Yes, a little Latin can be useful, especially in the older records -- the priests did like to use it, not just in the kind of "leared names" that we are discussing here but also in dates, in causes of death and sometimes just to record things that they didn't want others to be able to read. But as for these kinds of names, it is generally enough to know that they tend to end in -us for men and -a for women, and that the genitive forms that are used for patronymics instead end in -i and -ae, respectively (giving names that end in -ius, like Celsius, the distinctive -ii ending).
Once you recognize a name as being Latin, the next step is decoding it. First names tend to be Latinized forms of Swedish names -- sometimes these are actual Latin names, such as Nicolaus and Magnus (standing for the Swedish Nils and Måns, respectively, which were historically formed from those Latin names), but in other cases they are newly formed, such as Olaus for Olov (a Germanic name that never had a counterpart in classical Latin), simply to allow the name to fit into one of the Latin declinations so that it could be used in Latin texts where it would need to recieve case endings. This is something every priest did as they studied Latin, since they needed to be able to talk and write about themselves and each other. Similarly with patronymics, which as described above are simply genitive forms.
Just as with the later soldier names, there were often several people with the same name and patronymic studying at the same time. To make it possible to distinguish people within such groups of students, those who didn't have an inherited family name also tended to adopt or acquire a second name; these were often based on where they were born or lived before they went to university, but could also later in life be based on where they worked. The name Alptaneus that I mentioned in my last post was born by the father of Magnus Celsius, is formed to the parish name Alfta where he worked before he became a vicar; another example which is still in use today is Moraeus, from the town of Mora. Some of these names were inherited and became family names, while others were not. These names can be useful in that they tell where people came from, and they shouldn't really be much of a problem -- at least not compared to keeping track of the Latinized and non-Latized forms of the first name and patronymic.
These names are not really different names from their Swedish counterparts, they are different forms of the same name and were used at the same time depending on the situation and who was talking to whom. And of course we don't know to which extent each form was actually in use, we only know what the priest writing the record chose to use. Which brings us to your question, finally! (Sorry for the wall of text...)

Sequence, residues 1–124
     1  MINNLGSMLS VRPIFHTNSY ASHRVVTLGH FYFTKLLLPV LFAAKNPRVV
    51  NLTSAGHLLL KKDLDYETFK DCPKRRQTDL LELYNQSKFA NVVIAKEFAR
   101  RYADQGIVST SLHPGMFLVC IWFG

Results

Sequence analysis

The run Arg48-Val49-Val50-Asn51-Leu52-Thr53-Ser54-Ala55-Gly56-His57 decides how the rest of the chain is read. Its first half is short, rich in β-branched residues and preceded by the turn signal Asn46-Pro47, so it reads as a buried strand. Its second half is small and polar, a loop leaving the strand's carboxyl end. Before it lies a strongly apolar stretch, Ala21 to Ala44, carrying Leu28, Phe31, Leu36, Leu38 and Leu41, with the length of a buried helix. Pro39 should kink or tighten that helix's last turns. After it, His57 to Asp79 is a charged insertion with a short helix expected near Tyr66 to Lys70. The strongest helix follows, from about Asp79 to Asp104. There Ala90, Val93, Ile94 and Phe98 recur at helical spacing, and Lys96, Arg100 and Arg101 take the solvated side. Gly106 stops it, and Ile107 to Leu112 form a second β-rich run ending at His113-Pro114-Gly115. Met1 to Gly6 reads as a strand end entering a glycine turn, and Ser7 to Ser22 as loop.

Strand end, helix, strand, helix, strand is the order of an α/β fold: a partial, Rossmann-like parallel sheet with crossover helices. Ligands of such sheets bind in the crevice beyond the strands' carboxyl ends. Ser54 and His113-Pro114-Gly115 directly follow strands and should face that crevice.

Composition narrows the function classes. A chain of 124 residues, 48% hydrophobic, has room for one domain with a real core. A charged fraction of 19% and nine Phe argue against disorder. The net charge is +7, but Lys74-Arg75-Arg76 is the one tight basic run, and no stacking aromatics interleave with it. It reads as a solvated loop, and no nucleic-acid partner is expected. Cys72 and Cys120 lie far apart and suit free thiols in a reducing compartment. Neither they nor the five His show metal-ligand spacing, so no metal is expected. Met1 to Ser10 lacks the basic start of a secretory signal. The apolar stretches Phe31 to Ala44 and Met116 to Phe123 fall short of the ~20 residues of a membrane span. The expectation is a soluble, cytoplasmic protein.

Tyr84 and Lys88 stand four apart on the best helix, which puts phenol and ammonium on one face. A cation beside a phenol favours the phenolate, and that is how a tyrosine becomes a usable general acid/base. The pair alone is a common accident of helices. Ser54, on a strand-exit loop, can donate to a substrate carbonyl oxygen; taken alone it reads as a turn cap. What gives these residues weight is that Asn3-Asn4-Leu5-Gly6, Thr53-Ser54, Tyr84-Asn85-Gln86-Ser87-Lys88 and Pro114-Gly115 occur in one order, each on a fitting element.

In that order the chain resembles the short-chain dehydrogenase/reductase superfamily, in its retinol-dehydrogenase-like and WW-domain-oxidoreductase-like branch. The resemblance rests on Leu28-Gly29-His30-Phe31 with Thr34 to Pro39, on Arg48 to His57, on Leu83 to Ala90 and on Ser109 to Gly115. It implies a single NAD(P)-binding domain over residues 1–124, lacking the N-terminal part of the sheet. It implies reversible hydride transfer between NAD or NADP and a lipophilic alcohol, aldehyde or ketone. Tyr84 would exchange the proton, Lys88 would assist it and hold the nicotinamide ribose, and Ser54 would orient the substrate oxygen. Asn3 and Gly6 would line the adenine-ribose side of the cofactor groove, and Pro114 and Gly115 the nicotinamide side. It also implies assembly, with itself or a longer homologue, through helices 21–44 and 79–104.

Yes, I too understand WikiTree policy is to use the birth/baptism record (if it can be found). This is the record that is most likely to be accurate, in the sense that it alone will not contain any copy errors (a great-grandaunt of mine was named Eterna, but after moving around a bit the forms written in the household records look more like Elvira).
However, when it comes to different forms of the same name, especially in old records before spelling was standardized, there is no guarantee that the birth record is more correct than any other record made during the person's life, because the choice between forms may have been made by the recording priest just as well as by the parents (or later in life the person themselves). On the other hand, neither is it worse than any other record, and we do need some kind of standard, so we might as well use that form. Unless, of course, there is a project style guide that says otherwise; style guides always overrule any general rule. (And in the specific case of Nils Celsius it seems we don't have a birth record, which gives us a bit more leeway. But again, I could be quite wrong in my admittedly not very deeply considered opinion; there ought to be a style guide about this somewhere, created by people with more experience than I have...)
Also, note that Swedish birth records (at least historically) generally don't explicitly state the child's last name, which sometimes makes the LNAB question less obvious than one would expect.
Using "Preferred first name" to present a different form of the "Proper first name" seems wrong to me, though, partly because we again don't know which form was actually preferred, but mostly because I think the point of the "Preferred first name" field is to show that a middle name should be used instead of the "Proper first name", and selection between names is different than selection between forms of names. (As an example: my full name is Jerker Olov Georg Winstrand -- "Proper first name" is the first in the list, but the one I actually go by is Olov, so that goes into "Preferred first name".)